They brought up Lance Berkman’s quote about how facing Roy Halladay is like facing Mariano Rivera for nine innings — cutter after cutter after cutter. I guess that would be fine to mention if Halladay actually threw more cutters. Rivera has gone to the cutter at least 82 percent of the time since the start of 2008; Halladay’s repertoire has never contained more than 47 percent cutters in a single season. That quote holds no merit, and it was rather dumb for McCarver to reference it.

In the bottom of the second inning, McCarver said he asked Joe Girardi how David Robertson reminds him of a young Mariano Rivera. They were just looking for any way to get his name into the game. I was waiting for Buck or McCarver to say in the third inning how Cliff Lee reminds them of a left-handed Mariano Rivera with four pitches. Never got it.

And to your right, that's kind of like Yao Ming

  • Yao Ming may be a Hall of Famer because of what he did to expand the NBA in Asia, especially China. But his retirement last week showed us once again that this league favors the tall, but not often those who are too tall. Yao, Manute Bol, Gheorghe Muresan, Ralph Sampson, etc. They had legitimate skills, but mostly because of how they are built, such players don’t last long. They are like the Great Danes of NBA players.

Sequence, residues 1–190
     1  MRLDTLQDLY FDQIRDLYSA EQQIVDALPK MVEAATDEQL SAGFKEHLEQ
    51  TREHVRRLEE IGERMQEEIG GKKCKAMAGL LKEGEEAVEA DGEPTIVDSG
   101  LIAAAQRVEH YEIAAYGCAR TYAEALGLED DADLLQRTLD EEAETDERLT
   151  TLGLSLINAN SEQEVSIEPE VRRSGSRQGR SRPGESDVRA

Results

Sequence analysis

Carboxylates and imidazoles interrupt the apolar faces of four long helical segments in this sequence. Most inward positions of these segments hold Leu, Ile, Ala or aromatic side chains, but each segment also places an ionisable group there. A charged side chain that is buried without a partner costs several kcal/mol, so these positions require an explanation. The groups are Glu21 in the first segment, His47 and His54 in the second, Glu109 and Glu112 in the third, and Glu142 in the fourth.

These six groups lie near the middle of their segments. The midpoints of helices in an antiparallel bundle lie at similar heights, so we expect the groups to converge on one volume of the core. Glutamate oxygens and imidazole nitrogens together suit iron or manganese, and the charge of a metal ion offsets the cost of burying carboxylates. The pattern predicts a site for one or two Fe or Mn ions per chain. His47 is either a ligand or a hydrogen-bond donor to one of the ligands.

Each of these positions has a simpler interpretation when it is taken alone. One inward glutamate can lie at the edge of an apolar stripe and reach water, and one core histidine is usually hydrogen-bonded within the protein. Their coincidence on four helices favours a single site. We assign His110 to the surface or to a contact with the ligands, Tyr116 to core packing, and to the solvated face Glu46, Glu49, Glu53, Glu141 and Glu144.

• Baseball is just a game. We always like to see a player who knows his priorities and understands that family is more important. That is until those priorities actually take place between April and October. First this season was Colby Lewis, now it’s Carlos Zambrano. These awful scribes can’t possibly be that desperate for clicks.
  • Unfortunately, I had to go back on my word. I just didn’t have the time to go to last week’s SABR Convention here in Long Beach. It was held mere blocks away from my apartment. I probably could have swung it financially, but I’m about to enter graduate school, and I’m not really in a position to be throwing a few hundred bucks down for anything. It sounded like a a lot of good times, and missing it is probably my greatest regret about anything this year. Last year, too.